News: Academic Publishing Weekly

A proposal for sustainable publishing, the 2022 National Book Awards shortlist, and implementing inclusivity in public access

By Choice Staff

Accelerating Sustainable Publishing

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This week, the International Publishers Association (IPA), the Federation of European Publishers (FEP), and additional publishing groups released the “Publishing 2030 Accelerator,” aimed at increasing sustainability in publishing. Publishing Perspectives noted that the five-point manifesto will test ways of addressing the climate crisis by looking at carbon footprints, revenue accounting, and distribution. The plan will also center on urgency and accountability, encouraging collaboration between stakeholders. In addition, Richard Charkin, a signatory of the manifesto, released a sustainability checklist for publishers. Focusing on the need for action, Charkin noted the importance of being cognizant of spending, meeting sustainability guidelines, and reviewing production practices.

The Ebook Ecosystem Part II

In response to last week’s backlash regarding Wiley’s removal of over 1,000 digital titles ahead of the fall semester, Inside Higher Ed reports that the publisher has reinstated access until June 2023. Commenting on the reinstatement, Wiley acknowledged how the removal negatively affected faculty and staff, and noted the importance of affordable textbook options such as inclusive access. Librarians, however, stated that the reinstatement came too late for faculty and raised questions over Wiley’s commitment to affordability and student needs. In another pushback, trade associations are criticizing a recent letter from the nonprofit Fight for the Future in support of librarians’ digital lending rights. In particular, the Association of American Publishers and the Authors Guild responded to the letter’s criticism of the recent lawsuit against the Internet Archive, claiming that the case is unrelated to libraries’ lending rights.

It is quite clear that open or public access is a good thing – how could it not be? The big question for scholarly societies, which has been raised again and again, is how may we provide openness in an equitable, inclusive and sustainable way?

Robert Harington, Scholarly Kitchen

An Inclusive, Equitable, and Sustainable Approach to Public Access

Following the recent OSTP Memo, Robert Harington, Associate Executive Director of Publishing at the American Mathematical Society, pondered how to “provide openness in an equitable, inclusive and sustainable way.” In particular, Harington centered on the impact of the Gold OA model, noting that untenured researchers with limited funding will have difficulty paying high article processing charges (APCs). Citing a recent piece from Science, Harington highlighted concerns for underfunded institutions and disciplines, noting the authors’ comment that “public access should foster a diverse universe of authors and readers regardless of their economic circumstances.” Stressing the need for balance, Harington noted the importance of multiple open models to account for diversity and varying levels of funding. [Scholarly Kitchen]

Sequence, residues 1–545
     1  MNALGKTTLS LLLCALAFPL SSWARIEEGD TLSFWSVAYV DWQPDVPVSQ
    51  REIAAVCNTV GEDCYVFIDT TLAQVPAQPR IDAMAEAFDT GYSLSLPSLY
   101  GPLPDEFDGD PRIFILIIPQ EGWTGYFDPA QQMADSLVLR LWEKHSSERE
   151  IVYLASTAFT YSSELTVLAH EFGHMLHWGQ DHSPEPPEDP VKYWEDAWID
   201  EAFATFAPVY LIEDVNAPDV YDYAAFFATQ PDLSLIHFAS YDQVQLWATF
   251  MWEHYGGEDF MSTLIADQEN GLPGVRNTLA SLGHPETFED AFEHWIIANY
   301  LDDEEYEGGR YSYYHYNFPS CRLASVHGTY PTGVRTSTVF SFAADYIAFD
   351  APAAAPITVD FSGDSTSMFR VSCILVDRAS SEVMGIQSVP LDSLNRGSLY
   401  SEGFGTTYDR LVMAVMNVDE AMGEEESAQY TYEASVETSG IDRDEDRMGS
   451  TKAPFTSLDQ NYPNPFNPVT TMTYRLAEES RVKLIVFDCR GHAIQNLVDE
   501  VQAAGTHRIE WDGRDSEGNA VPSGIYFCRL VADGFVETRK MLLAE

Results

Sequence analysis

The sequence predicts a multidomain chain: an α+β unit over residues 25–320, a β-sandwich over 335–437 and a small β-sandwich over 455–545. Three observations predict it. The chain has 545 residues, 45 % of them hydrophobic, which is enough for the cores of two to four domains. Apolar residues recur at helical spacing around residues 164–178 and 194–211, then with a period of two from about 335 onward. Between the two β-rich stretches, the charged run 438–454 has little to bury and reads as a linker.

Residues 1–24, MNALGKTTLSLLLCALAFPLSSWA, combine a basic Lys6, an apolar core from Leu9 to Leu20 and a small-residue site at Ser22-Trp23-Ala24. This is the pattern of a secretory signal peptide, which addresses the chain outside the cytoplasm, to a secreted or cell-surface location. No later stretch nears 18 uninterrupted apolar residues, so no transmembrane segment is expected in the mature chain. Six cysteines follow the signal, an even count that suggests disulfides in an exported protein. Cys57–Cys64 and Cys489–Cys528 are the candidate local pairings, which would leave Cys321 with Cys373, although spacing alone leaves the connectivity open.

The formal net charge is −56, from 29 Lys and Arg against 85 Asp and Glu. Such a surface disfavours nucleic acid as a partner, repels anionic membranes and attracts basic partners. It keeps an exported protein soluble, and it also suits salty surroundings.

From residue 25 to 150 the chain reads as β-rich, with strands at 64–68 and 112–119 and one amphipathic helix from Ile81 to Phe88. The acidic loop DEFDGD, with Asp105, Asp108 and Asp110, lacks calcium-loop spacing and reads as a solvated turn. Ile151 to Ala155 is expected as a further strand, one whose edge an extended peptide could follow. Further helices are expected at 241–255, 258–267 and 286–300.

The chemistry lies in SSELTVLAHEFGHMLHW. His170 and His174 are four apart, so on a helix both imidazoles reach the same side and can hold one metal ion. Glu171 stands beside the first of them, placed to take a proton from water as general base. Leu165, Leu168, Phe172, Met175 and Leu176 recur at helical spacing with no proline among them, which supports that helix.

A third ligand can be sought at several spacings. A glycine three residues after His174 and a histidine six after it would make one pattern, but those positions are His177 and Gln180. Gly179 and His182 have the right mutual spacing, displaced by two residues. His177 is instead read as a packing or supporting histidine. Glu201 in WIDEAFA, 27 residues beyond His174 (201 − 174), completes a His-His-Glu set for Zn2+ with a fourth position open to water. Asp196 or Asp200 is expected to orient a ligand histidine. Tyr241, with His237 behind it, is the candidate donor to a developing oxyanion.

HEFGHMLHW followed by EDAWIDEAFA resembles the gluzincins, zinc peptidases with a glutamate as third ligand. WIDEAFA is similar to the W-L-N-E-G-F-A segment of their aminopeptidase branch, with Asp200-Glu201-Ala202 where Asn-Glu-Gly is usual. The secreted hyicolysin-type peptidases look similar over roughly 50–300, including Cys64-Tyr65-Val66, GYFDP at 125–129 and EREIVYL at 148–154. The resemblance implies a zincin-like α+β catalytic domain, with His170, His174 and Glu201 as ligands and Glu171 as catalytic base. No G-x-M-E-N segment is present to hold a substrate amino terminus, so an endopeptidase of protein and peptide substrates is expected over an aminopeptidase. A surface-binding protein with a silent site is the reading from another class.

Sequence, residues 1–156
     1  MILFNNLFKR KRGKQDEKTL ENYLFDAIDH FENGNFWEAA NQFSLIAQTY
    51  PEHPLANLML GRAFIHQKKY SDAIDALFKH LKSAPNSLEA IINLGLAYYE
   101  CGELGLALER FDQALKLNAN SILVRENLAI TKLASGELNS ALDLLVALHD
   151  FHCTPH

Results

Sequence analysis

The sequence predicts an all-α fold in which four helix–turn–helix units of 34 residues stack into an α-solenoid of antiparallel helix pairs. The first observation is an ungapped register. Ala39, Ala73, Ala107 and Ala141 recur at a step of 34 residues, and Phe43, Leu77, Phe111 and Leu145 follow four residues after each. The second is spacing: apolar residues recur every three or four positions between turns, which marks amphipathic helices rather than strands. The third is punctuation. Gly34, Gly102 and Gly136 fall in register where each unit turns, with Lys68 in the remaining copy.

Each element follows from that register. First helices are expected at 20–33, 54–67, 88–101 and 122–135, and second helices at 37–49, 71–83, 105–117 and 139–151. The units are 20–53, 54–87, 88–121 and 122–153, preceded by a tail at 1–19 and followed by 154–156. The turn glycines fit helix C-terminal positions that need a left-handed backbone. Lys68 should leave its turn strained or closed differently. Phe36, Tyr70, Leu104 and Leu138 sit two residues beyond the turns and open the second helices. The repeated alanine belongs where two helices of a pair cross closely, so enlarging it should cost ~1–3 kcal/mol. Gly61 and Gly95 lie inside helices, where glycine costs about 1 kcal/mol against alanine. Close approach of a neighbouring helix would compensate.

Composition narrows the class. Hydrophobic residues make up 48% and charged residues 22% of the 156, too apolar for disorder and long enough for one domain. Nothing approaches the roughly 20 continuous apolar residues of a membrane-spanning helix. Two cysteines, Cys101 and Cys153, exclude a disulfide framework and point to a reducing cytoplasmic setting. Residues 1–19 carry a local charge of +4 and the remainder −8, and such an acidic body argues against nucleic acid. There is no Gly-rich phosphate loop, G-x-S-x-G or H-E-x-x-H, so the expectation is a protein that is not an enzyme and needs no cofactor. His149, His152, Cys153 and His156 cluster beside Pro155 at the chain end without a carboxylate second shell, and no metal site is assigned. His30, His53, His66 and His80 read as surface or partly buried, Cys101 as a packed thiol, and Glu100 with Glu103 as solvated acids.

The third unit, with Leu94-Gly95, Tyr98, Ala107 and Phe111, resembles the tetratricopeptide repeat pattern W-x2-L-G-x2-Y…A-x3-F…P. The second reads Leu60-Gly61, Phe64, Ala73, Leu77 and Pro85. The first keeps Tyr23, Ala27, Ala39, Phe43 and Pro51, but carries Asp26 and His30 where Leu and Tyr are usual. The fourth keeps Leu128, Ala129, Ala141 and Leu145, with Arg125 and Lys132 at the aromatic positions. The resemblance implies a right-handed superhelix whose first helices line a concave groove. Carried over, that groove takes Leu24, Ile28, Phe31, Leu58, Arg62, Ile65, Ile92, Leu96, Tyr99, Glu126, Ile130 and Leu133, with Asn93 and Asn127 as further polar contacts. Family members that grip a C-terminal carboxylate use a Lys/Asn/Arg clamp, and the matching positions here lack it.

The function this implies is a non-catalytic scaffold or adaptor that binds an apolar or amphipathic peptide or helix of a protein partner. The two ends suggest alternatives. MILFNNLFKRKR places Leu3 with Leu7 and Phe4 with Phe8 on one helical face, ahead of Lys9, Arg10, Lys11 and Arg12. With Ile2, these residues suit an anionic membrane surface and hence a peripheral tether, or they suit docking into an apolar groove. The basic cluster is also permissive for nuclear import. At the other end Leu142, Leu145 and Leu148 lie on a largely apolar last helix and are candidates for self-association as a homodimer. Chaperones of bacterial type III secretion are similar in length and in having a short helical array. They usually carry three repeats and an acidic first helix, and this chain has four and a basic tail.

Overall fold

Book Awards and Transformative Deals

South to America: A Journey Below the Mason-Dixon to Understand the Soul of a Nation book cover

This week the United States’ National Book Foundation released the shortlist for the 2022 National Book Awards. The shortlist is comprised of 25 finalists, including titles in fiction, nonfiction, poetry, translation, and young people’s literature. The winners will be announced in mid-November along with two lifetime achievement awards. In other news, Oxford University Press (OUP) and Qatar National Library will enter a new read and publish agreement. The deal marks the “first of its kind for OUP in Qatar,” and will allow researchers from participating institutions to publish open access in OUP’s journals. Last, IOP Publishing announced a transformative agreement with the National Autonomous University of Mexico (UNAM), enabling researchers to freely publish OA in IOPP’s journals; this deal “heralds IOPP’s first transformative agreement in Mexico.”

A Look at Accessible Conferences and Honorary Authors

As in-person conferences resume, Shira Lurie, assistant professor of U.S. history at Saint Mary’s University, and Nicole Schroeder, Equity in Action Presidential Postdoctoral Fellow at Kean University, addressed how efforts to “return to normal” can limit accessibility. Emphasizing barriers such as a lack of COVID-19 protocols and virtual options at a recent conference, Lurie and Schroeder underscore how in-person events often exclude people with disabilities. Noting that many organizers fail to think outside the box and disregard the disabled community, they stressed that academic conferences must commit to accessibility and take measures to further diversity, sustainability, equity, and inclusion. In other news, a recent study from Science unpacked “honorary authorship” and its impact on research integrity. Examining statements detailing authors’ contributions, the study revealed that “up to one-third of more than 600,000 authors examined by the study appear to have been granted authorship even though they didn’t meet some commonly used criteria.” The study emphasized that honorary authorship can skew author metrics and lead to misrepresentation.